Saturday, February 16, 2019

Minors Go Major, Part II

As promised, I’m returning to the subject of teens and voting. I got some thought-provoking feedback after “Minors Go Major?” last week.

More than one respondent pointed to the activism of young people following the shooting at Marjory Stoneman Douglas High School in Parkand, Florida. It is certainly true that we saw teens motivated, educated, active, and involved in the election process over the last year. Some pointed out that many folks over the age of 18 are woefully uninformed about candidates and issues yet we do not use this as a reason to prevent them from voting.

Everyone agreed that America could do a much better job educating children, teens, and adults about the political process, how our government works, and a citizen’s  responsibility to vote.

Several people tactfully pointed out that the areas of concern I raised about sixteen year olds voting have been used in the past a barriers for the right to vote for the disabled, African Americans, and women. That certainly gives me pause.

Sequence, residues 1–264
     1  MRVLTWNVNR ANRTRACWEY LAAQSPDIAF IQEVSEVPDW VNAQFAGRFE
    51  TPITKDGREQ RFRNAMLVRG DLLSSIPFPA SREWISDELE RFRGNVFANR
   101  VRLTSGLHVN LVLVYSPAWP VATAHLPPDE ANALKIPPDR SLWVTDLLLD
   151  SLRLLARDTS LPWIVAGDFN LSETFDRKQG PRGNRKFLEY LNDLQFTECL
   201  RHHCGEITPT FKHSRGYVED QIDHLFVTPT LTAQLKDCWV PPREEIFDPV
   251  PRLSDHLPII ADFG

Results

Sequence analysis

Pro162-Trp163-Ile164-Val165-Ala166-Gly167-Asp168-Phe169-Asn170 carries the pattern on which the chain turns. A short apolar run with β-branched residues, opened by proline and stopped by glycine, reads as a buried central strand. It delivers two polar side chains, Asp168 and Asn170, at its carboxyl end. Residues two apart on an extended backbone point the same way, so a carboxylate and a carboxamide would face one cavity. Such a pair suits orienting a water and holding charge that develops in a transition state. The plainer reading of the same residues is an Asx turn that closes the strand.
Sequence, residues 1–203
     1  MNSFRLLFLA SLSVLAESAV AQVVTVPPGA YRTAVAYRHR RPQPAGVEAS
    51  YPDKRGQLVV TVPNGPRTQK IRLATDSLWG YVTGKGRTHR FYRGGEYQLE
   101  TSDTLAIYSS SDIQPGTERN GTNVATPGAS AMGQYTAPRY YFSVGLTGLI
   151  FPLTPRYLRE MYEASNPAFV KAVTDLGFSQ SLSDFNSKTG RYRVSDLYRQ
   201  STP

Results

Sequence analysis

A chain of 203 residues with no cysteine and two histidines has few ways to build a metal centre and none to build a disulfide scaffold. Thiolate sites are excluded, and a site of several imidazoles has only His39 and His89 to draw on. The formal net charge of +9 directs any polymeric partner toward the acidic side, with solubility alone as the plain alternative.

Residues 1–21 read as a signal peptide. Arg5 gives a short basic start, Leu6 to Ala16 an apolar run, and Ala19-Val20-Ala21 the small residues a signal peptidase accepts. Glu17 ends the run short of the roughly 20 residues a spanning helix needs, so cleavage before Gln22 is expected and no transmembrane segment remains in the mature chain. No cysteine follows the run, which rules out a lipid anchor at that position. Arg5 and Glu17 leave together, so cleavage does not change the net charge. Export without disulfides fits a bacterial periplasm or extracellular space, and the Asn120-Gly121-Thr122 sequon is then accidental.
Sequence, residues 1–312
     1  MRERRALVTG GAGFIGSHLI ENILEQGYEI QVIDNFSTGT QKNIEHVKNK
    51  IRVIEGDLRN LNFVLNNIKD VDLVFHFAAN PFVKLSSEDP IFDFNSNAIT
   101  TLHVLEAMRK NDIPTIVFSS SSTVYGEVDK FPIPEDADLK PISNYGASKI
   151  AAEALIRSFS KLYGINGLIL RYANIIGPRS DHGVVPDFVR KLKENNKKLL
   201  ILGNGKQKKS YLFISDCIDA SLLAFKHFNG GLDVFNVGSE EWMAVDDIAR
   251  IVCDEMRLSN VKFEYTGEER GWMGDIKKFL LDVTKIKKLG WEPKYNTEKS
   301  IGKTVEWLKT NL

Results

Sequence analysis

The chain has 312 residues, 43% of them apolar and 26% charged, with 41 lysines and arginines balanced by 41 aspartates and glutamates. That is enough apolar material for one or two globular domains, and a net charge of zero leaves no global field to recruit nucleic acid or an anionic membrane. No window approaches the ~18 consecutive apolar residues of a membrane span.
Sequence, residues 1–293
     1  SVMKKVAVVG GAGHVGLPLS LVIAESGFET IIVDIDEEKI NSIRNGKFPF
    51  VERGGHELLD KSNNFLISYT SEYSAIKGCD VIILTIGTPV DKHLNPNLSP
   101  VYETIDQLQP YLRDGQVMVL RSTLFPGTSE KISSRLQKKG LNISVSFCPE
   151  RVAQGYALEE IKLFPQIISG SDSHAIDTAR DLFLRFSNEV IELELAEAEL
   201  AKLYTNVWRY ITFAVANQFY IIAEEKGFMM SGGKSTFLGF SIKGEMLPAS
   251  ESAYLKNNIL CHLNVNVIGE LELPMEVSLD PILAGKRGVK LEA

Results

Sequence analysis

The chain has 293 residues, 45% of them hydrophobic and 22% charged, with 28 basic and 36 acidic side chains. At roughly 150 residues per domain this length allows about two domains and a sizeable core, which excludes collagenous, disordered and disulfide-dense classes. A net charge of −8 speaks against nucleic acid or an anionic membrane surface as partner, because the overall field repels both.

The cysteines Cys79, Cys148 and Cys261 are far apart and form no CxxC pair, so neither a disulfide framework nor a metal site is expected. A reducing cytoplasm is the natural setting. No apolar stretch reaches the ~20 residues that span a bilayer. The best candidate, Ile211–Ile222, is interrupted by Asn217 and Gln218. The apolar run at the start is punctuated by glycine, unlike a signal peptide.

Let’s look at some of the age demarcations that bestow certain rights and/or responsibilities.

16, 17: Get married with parental consent
17: Join military with parental consent
18: Marry without parental consent
      Join military without parental consent
21: Purchase, consume alcohol

Now it’s getting sticky for me. I have been following Delegate Vanessa Atterbeary’s work to make child marriage illegal in the State of Maryland. There are many reasons why marrying under the age of 18 is problematic, especially for young women.  But...

If we say a young woman of 16 is not able to freely consent to get married, then must we also say that she is not able to make her own decision about birth control and whether or not to terminate a pregnancy? You may say that those two are not comparable, but it’s that tricky concept of capability and consent. How old is old enough? Who gets to be empowered? Who is protected?

And why do we make the decisions we do about who gets to be empowered or protected? It’s complicated.

And you thought we were talking about sixteen year olds getting to vote.

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